Retribution, Reparation was the second of the two LPs Morgan recorded for Tom Albach’s storied Nimbus West imprint. His first, Journey Into Nigritia (Outernational Sounds OTR- 008), had been a declaration of arrival laced with energies drawn from Cecil Taylor and Coltrane. One year later, with nods to Herbie Hancock (‘One Finger Snap’) and Ellington (‘Come Sunday’), Retribution, Reparation was a confident statement of purpose. Politically charged with pan-Africanist and Black nationalist sentiments inspired by Marcus Garvey, and titled with uncompromising directness, the album focusses the soundworld of the Ark into a surging, restless masterpiece of spiritualised modal jazz. With Danny Cortez on trumpet and Ark stalwart Jesse Sharps on saxophones the frontline is explosive (this set is also one of the few places the extraordinary Sharps can be heard in a small group setting), while Fritz Wise and Ark regular Joel Ector hold down the rhythm section. Morgan’s forceful, Tyner-like chords and virtuosic solos and bind the music together. From the poised drama of the opening dedication to Tapscott’s U.G.M.A.A. (‘U.G.M.A.A.GER’) to the propulsive militancy of the title track, Retribution, Reparation spreads the word: ‘Advance to Victory, Let Nigritia Be Free!’"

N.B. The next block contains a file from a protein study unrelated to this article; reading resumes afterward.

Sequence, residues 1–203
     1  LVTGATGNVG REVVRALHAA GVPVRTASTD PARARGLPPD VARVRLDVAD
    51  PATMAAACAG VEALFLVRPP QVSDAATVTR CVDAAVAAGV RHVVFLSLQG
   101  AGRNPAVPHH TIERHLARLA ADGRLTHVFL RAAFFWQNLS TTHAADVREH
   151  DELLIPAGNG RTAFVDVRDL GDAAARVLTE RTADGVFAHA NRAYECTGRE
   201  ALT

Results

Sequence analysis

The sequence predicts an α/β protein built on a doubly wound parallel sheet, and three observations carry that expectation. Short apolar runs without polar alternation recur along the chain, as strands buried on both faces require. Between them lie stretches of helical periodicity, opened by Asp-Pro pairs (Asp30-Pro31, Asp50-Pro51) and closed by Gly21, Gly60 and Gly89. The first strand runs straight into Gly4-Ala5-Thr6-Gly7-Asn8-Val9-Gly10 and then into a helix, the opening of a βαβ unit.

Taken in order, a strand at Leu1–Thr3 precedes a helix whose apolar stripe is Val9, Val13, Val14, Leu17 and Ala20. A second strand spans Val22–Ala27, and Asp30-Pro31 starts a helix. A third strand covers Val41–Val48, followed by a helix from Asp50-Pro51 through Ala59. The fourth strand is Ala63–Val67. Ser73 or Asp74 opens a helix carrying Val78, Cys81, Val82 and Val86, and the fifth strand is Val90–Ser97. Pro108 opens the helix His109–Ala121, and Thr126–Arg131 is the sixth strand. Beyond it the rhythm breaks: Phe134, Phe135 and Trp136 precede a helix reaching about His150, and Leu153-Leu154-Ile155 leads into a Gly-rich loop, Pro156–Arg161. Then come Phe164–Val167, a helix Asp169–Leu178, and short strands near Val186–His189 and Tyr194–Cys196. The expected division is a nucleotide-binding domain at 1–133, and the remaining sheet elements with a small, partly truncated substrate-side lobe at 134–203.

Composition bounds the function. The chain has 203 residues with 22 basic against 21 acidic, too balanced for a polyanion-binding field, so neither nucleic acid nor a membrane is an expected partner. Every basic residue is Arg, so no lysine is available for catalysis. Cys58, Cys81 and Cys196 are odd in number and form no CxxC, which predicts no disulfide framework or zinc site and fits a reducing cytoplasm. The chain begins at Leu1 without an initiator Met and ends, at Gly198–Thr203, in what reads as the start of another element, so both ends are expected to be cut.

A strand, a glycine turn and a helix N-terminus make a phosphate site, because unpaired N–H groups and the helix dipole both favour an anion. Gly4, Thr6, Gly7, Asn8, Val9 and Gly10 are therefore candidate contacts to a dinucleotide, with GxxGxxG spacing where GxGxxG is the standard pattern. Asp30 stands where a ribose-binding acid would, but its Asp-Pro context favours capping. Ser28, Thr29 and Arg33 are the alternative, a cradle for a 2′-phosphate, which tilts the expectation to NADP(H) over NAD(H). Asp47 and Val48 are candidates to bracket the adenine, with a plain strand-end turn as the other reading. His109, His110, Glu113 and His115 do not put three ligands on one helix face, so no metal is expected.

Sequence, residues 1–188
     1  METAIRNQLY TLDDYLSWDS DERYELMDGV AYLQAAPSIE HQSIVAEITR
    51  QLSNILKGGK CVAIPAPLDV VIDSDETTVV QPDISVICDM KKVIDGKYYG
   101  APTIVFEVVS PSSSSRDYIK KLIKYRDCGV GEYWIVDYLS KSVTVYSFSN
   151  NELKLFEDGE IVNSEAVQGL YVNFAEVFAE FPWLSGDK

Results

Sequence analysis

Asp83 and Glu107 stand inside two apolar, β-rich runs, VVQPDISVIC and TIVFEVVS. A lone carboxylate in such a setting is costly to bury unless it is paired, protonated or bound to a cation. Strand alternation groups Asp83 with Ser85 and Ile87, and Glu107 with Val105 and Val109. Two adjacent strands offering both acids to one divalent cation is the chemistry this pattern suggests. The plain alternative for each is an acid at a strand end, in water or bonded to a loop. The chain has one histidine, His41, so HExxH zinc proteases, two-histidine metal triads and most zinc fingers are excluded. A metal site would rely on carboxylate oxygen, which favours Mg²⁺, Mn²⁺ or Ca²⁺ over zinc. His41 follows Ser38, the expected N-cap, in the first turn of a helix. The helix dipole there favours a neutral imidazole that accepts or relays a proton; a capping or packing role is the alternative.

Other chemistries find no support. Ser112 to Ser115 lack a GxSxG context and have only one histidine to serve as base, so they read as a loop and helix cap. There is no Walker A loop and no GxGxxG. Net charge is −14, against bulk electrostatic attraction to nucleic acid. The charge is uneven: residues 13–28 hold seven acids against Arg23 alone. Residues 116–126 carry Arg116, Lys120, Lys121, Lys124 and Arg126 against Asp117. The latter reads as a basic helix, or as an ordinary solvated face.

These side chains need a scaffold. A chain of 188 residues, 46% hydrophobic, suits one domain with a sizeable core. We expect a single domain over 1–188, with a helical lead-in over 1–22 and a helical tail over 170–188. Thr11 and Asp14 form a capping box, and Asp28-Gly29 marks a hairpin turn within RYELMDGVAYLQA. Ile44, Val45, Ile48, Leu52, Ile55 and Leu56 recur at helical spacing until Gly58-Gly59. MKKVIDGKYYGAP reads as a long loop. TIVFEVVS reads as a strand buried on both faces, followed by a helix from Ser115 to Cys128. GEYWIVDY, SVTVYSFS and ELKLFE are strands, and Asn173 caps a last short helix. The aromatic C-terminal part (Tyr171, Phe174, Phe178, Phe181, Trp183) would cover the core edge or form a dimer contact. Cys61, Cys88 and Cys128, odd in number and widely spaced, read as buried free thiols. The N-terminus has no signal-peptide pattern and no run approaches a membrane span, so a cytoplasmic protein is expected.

Strong showcase of fast, broken techno and juke mutations from Italy’s XCPT Music crew
Modes boots off with the straightjacket funk rolige of ‘FB2thsn’, and Train to Eltanin throw down the decimated IDM/acid-jungle-techno beside the rugged footwork tekkers of ‘Yeah Boy’ by DJ Plant Texture. Nothus drags the tempo down for the broken techno parry of ‘Konnor 3012’ in a way recalling Concrete Cabin’s brand of rudeness, and Marco Segato spits out the choppy bruktek rhythms of ‘Pirate Utopias [live]’, while Soreab wraps up with the nagging, Batu-esque motion of ‘AVP’.
Inimitable Texan electro droid Cygnus can’t help but do it his own way on this class batch for Glasgow’s Craigie Knowes label
Although comparable with work by E.R.P., Æ, Gerald Donald, there’s a level of detail and amorphousness to Cygnus’ productions that couldn’t really come from anyone else. Over all five cuts he crams tight vamps and semi-organic flourishes at ever opportunity without losing the all important flow, resulting stellar stuff between the sloshing, romantic writhe of ‘Ebony Starlight’, the quicksilver run of ‘My Secret Data’, his Bitsream-esque downstroke ‘Metroid C64’, and the filigree tweaks of Connection Error’.
Luscious first survey of late ‘80s/early’90s work by Brazilian anthropologist, composer, and multi-instrumentalist Priscilla Ermel; a beautifully “universal” dream sequence of sound owing to indigenous Brazilian music, Tai Chi and new age synth styles
“Music From Memory is delighted to announce a retrospective of an artist long-loved by the label, Brazilian composer and multi-instrumentalist Priscilla Ermel. Origens Da Luz brings together a selection of recordings drawn from a body of work that was originally recorded between 1986 and 1994.